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SMRA applauds long awaited Archibald Lake report

Provincial assessment step closer to wilderness designation decision

  • May 31 2023
  • By Alec Bruce, Local Journalism Initiative Reporter    

ST. MARY’S – The president of the St. Mary’s River Association (SMRA) says a long-awaited provincial government report on Archibald Lake — an ecologically sensitive tract of land near Sherbrooke — is promising for the eventual wilderness designation of the area.

“We are excited here in St. Mary’s to see this report completed,” Scott Beaver told The Journal in an email on May 29 about the assessment, released May 26, of the 684-hectare tract of provincially owned woodland, lakes and wetlands, which has been under consideration for wilderness designation for at least three years.

“This report is required under the Wilderness Areas Protection Act [and] we are confident that [Environment and Climate Change] Minister [Timothy] Halman and the cabinet will soon make a positive decision on this matter.”

He added: “[The report] highlights the importance [that] locals place on the area for intergenerational fishing, hunting camp use and other recreation, and states [that] without designation the potential loss of biodiversity and decline in some outdoor recreation values could happen.”

The report, Socio-economic Analysis of Designation the Proposed Archibald Lake Wilderness Area, stipulates that Archibald Brook watershed “helps maintain water quality and flow in the lower St. Mary’s River, a noted Atlantic salmon river [and] provides habitat for brook trout and other aquatic species. The lakes [also] support a recreational trout fishery, as confirmed by public consultation feedback.”

It states that “about 262 hectares of the 454 hectares forested land within the proposed wilderness area is classified as old forest under the Department of Natural Resources and Renewable’s Old-Growth Forest Policy for Nova Scotia. This forest provides habitat for species that depend on, or prefer, old forest, and supports wildlife movement or migration across the landscape (ecological connectivity value). Older forests also store more carbon than younger forests, keeping this carbon out of the atmosphere and helping Nova Scotia meet its 2030 greenhouse gas reduction targets.”

Furthermore, it notes that “nearly the entire site consists of ecosystem elements which are poorly represented in Nova Scotia’s protected areas network, particularly the well-drained, hardwood drumlins… In 2021-2022, the Canadian Parks and Wilderness Society (Nova Scotia Chapter), sponsored a series of field surveys at the proposed Archibald Lake Wilderness Area with help of specialists from Acadia University, the Atlantic Canada Conservation Data Centre (ACCDC) and an independent contractor. The resulting report identifies a total of 26 species-at-risk documented in the area.”

Finally, the assessment acknowledges research underway to economically quantify the “value of natural ecosystems to society, typically referred to as ‘ecosystem services,’” including carbon storage and sequestration; conservation of species and genetic resources; water quality; and maintenance of habitat for pollinators, wildlife and recreation.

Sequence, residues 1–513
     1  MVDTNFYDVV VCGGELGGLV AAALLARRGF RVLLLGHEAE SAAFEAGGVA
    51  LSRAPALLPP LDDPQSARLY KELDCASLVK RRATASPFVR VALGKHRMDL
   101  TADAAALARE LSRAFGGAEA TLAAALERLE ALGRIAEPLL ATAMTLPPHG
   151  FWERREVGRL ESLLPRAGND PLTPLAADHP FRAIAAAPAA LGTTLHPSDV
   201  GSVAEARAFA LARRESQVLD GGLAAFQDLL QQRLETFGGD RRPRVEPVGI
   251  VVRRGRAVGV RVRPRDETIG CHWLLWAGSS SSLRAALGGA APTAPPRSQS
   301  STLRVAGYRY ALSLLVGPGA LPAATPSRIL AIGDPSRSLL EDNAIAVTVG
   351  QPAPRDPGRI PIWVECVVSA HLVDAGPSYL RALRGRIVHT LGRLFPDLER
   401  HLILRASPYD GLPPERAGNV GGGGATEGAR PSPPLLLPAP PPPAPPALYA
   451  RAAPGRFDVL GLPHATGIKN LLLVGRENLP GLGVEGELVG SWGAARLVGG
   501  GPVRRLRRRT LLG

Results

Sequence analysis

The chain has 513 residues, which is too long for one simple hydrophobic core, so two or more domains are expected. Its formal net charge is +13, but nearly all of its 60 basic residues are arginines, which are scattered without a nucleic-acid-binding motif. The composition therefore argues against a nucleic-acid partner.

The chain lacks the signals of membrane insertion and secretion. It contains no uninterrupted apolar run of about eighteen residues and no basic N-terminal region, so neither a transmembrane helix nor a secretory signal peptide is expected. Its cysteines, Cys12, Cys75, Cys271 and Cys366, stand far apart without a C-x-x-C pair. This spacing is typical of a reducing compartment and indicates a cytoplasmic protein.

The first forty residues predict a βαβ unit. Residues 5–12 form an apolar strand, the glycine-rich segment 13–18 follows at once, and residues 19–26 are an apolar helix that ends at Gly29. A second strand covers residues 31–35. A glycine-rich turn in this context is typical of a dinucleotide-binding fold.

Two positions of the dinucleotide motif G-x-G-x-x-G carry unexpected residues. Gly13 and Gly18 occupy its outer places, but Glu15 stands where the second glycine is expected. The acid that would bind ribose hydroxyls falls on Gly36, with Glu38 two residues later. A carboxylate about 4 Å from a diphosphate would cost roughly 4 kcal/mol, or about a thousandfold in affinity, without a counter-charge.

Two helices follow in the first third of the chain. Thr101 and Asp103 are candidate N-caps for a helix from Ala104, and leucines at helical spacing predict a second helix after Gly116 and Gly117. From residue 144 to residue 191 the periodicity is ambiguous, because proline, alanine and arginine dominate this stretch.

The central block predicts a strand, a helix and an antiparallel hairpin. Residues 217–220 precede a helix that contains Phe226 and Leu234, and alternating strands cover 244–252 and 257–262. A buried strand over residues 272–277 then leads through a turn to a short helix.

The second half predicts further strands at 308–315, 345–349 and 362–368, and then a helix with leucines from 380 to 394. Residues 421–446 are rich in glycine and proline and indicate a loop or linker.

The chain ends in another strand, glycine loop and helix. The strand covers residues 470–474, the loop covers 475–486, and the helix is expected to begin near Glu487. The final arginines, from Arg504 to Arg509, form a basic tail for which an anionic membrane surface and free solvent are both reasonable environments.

It concludes “a 2013 assessment by Global Forest Watch Canada of Nova Scotia’s protected areas system estimates an average annual value of $5,827 per hectare for ecosystem services of the system. Another example is a 2017 assessment by TD Bank Group and the Nature Conservancy of Canada (NCC), which estimates the value of ecosystem services of NCC’s Long Tusket Lake lands, in southwestern Nova Scotia, at a minimum of $26,250 per hectare annually. These local examples illustrate that the value of ecosystem services in Nova Scotia may be quite significant [although] neither of these reports assess to what extent these values would differ if the lands were not protected.”

Beaver said he was “happy to see Canadian Parks and Wilderness Society’s extensive work towards identifying rare species highlighted,” adding: “It was also nice to see, for the first time, references in terms of dollar values made by research in general to quantify the value of natural ecosystems to society.”

According to a statement from the Department of Environment and Climate Change on May 29, the purpose of the analysis prepared by staff is “to present factual information to help informed decision-making by Government, not provide advice or recommendations [however] the completion of this legislatively required analysis moves Government one step closer to being able to make a decision [about] wilderness designation,” which would limit, or ban, certain types of commercial activity in area, including industrial mining and forestry. “The Province is also legally obligated to consult with the Mi’kmaq of Nova Scotia,” it said.

“Our government is committed to protecting 20 per cent of our land and water by 2030,” Halmon added in the statement. “We must reach this goal for many reasons. Protected areas capture and store carbon, spending time in them supports our physical and mental health, and they help provide us with clean drinking water. They protect essential habitat for our plants, animals, birds and trees and help protect species-at-risk. These are just some of the many reasons that we are working to protect more of our land and water. This area is being considered for Wilderness Area designation for all of these reasons — as soon as our Government makes a decision, we will share it with Nova Scotians.”

Said Beaver: “I think it’s important that folks realize nearly the entire site consists of ecosystem elements that are poorly represented in Nova Scotia’s protected areas network and, for these reasons and more, the St. Mary’s River Association and our broader community support the protection of Archibald Lake as a new wilderness area.”